It’s official: you’ve been diagnosed with diabetes! Perhaps you’re feeling powerless right now. In reality, you actually have significant power over this disease. In fact, by evaluating and reassessing your lifestyle with the help of your healthcare team, you can control diabetes and prevent its complications.
Diabetes is a chronic disease that develops when the body produces an insufficient amount of insulin to meet its needs or when cells react abnormally to the insulin produced.
Insulin is a hormone responsible for fuelling the cells with glucose (sugar). If the body lacks insulin for any reason, blood glucose levels (the concentration of the level of sugar in the blood) increase.
High blood glucose levels can, sooner or later, damage the health of your eyes, kidneys, nerves and circulatory system (heart and blood vessels).
Establishing realistic objectives
After being diagnosed, you will need to change your lifestyle – primarily with respect to your diet – in order to control your blood glucose levels and avoid diabetes-related complications.
The goal in treating diabetes is controlling blood glucose levels in such a way that they are within a certain healthy range, avoiding either hyperglycemia (high blood glucose) or hypoglycemia (low blood glucose). In order to accomplish this goal, a combination of corrective measures is often necessary, as follows:
- Changes to your diet
- Weight loss
- Use of medication, including insulin.
You will have to set realistic goals and establish a clear plan to reach them. Here’s a useful tip: don’t change everything at once. This all-or-nothing approach generally fails.
Adopting a balanced diet
Eating is one of life’s pleasures, so eating well can be quite the challenge at times. But you can do it! To avoid complications due to diabetes, you must adopt a more balanced diet that will help you:
To attain this goal, you will probably need to do the following:
- Control your intake of carbohydrates.
- Try to eliminate bad fats from your diet – these include trans or saturated fats.
- Increase your intake of soluble fibre (oats, barley, legumes, etc.), omega-3 from fish sources (salmon, mackerel, shrimp, etc.) and fruit and vegetables (blueberries, blackberries, broccoli, asparagus, etc.).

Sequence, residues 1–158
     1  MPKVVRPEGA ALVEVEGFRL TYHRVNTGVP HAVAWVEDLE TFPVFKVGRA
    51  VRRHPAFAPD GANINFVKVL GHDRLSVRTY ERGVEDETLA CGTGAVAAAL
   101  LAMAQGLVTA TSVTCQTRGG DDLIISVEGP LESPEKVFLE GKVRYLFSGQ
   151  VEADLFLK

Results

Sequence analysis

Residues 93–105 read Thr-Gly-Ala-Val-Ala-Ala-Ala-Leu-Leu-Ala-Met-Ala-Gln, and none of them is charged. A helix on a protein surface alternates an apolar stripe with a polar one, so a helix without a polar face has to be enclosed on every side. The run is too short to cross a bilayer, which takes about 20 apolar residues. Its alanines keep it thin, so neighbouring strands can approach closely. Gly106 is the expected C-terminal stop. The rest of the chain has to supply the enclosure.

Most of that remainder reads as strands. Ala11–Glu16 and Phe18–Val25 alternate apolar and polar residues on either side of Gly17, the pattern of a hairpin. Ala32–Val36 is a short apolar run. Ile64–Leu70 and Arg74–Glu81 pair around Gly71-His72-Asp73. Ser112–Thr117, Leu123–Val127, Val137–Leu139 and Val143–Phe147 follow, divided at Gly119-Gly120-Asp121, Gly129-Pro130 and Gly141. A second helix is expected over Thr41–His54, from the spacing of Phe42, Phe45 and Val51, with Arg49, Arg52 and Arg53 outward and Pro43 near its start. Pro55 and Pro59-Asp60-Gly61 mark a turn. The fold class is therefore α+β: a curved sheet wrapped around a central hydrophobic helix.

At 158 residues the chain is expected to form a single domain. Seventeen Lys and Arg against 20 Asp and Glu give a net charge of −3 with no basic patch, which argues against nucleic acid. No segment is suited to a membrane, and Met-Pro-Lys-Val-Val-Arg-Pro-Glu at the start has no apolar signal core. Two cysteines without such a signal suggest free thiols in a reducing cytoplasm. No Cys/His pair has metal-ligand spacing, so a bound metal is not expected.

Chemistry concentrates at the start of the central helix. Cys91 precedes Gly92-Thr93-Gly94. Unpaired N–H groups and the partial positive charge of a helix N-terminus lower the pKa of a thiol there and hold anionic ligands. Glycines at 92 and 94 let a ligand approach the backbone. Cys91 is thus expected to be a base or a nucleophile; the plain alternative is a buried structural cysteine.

Canada’s Food Guide is the best reference to help you plan your meals. The number of servings from all four food groups (milk products, fruit and vegetables, meat and meat substitutes and grain products) you need to eat every day depends on your age and sex. The Guide will give you information on this as well as many other topics tied to a healthy and balanced diet.
You can find additional information in Meal Planning for People with Diabetes available on Diabetes Québec’s Website at www.diabetes.qc.ca.
For personalized advice, you should see a nutritionist. This specialist will help you better understand the impact your nutrition has on your glycemia and help you establish a meal plan adapted to your needs.
Eating at set times
Consistency is a key factor in the successful management of diabetes. In fact, you should establish and respect a routine on many different aspects:
- Meals and snacks
- Use of medication
- Blood glucose testing
- Medical appointments
If ever you lack discipline or lose motivation, talk to a healthcare professional. If you find it difficult to take your medication or to test your blood glucose levels regularly, consult your family pharmacists. They can provide you with support and sound advice to make your life easier.
Achieving your goals for better health depends greatly on you! Will and commitment are your biggest allies for proper management of diabetes. Your success also depends on the support of a competent healthcare team specialized in diabetes. A strong team makes all the difference!
If you have diabetes, it is extremely important to properly control your blood glucose. If you are having difficulty reaching the targets set by your healthcare professional or if you experience bouts of hyperglycemia or hypoglycemia, speak with your family pharmacists. They can give you advice and recommend changes to your drug therapy, if need be.
Many Uniprix-affiliated pharmacies offer a blood glucose testing service and private consultations on diabetes management. Ask about these services.
*Certain conditions must be respected. Fees may apply. Ask a member of the pharmacy team for more information. Pharmacists alone are responsible for the practice of pharmacy. They offer related services only on behalf of pharmacist-owners.